Inside this
issue
Message from
RG6/RG9
2
Rail Gunners showered with
gifts
3
41st Fires Bde takes part in
joint exercise
4
...
Rail Gunner 6 & 9 Send
Take care of each other and take
care of your Families.
Despite the hot weather and
summer thunders...
such as baby formula, diapers, blan-
kets, clothing, and toys for the new
addition to their family.
“This is amazing becau...
rest of the brigade headquarters
remained at Fort Hood.
From Fort Hood, the brigade
was responsible for coordinating fires...
Not only did those in atten-
dance get a chance to see the lethal
rocket launchers but they had a chance
to interact with ...
said Sgt. Kevin James, Headquarters
and Headquarters Battery, 2-20th FAR,
41st Fires Bde.
“Blue Max” soon became the
radio...
Tony Nunez throws a dummy grenade towards
a target during the 41st Fires Brigade’s 2nd
Annual Teen Extreme event at Fort H...
-8-
VOLUME 13, ISSUE 2 THE RAIL GUNNER NEWSLETTER JULY 2013
Blue Max Challenge Jane Wayne Day
1-21 FAR Family and Friends ...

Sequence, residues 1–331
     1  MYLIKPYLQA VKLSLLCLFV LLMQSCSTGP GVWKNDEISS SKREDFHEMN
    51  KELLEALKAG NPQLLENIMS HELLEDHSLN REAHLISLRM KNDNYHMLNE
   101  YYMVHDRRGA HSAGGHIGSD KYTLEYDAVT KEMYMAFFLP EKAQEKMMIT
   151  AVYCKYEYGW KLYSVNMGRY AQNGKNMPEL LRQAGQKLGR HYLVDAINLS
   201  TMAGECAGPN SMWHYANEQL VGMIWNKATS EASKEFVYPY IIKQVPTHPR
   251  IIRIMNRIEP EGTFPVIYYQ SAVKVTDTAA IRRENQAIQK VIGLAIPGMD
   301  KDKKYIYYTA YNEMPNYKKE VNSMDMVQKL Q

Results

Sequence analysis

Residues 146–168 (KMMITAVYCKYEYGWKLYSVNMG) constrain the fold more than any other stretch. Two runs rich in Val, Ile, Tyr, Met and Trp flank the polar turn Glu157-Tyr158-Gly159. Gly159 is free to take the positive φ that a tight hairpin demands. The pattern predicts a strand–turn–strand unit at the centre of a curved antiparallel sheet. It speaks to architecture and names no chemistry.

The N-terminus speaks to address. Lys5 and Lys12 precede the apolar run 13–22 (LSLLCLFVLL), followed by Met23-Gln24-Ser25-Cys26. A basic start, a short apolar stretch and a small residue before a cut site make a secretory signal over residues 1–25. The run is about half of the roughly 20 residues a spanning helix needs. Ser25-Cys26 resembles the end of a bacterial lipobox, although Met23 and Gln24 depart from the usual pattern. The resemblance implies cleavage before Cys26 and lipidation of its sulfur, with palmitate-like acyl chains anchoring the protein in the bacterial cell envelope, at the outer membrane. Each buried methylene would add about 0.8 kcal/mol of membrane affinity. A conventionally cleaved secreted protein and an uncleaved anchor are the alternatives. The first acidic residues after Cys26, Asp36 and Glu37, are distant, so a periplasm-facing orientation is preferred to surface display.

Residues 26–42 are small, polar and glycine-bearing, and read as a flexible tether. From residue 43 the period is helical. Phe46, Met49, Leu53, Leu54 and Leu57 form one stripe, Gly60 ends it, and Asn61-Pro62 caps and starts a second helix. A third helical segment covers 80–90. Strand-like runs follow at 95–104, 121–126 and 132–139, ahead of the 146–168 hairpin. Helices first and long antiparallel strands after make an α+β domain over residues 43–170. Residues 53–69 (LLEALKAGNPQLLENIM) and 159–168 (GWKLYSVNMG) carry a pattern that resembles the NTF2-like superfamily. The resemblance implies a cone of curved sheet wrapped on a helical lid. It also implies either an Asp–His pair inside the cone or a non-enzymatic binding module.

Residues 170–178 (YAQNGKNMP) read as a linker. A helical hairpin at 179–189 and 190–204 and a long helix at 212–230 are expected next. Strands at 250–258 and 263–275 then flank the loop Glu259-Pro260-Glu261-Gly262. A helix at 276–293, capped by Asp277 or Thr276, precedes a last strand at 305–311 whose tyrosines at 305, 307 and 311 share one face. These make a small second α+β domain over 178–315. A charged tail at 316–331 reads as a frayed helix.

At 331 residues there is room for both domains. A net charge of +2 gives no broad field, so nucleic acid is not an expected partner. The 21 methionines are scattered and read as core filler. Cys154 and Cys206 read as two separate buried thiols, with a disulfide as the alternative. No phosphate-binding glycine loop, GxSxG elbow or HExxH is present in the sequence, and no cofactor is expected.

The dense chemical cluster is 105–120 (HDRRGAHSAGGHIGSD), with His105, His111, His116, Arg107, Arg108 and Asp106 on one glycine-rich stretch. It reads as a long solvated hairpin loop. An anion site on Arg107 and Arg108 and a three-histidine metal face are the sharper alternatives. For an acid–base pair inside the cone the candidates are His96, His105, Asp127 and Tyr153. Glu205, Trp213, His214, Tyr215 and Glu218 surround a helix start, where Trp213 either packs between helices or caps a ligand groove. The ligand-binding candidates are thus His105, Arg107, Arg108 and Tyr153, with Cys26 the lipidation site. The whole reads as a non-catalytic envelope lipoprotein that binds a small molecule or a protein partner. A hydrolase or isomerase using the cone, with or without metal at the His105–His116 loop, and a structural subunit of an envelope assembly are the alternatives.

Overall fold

-9-
VOLUME 13, ISSUE 2 THE RAIL GUNNER NEWSLETTER JULY 2013
The 1st Cavalry Division Association reunion brings in Trooper...
30 Rail Gunners reenlisted during the months of May and June:
Sgt. Fischer, Michael
Spc. Stone, Fredrick
Spc. Ayers, Caleb...
We would like to congratulate all of the Rail Gunners that were promoted
during the months of May and June:
The “Rail Gunn...
To send your story ideas and pictures to the 41st Fires Brigade
Public Affairs Office!
CPT John Farmer: john.a.farmer24.mi...
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Rail gunner newsletter 3rd quarter 2013

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Rail gunner newsletter 3rd quarter 2013